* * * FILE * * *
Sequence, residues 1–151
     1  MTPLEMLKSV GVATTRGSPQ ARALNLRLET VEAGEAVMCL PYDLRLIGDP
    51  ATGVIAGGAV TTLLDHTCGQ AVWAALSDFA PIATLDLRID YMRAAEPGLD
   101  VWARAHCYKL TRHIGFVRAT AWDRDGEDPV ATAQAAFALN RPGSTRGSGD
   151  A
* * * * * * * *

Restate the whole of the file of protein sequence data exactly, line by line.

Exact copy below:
Sequence, residues 1–151
     1  MTPLEMLKSV GVATTRGSPQ ARALNLRLET VEAGEAVMCL PYDLRLIGDP
    51  ATGVIAGGAV TTLLDHTCGQ AVWAALSDFA PIATLDLRID YMRAAEPGLD
   101  VWARAHCYKL TRHIGFVRAT AWDRDGEDPV ATAQAAFALN RPGSTRGSGD
   151  A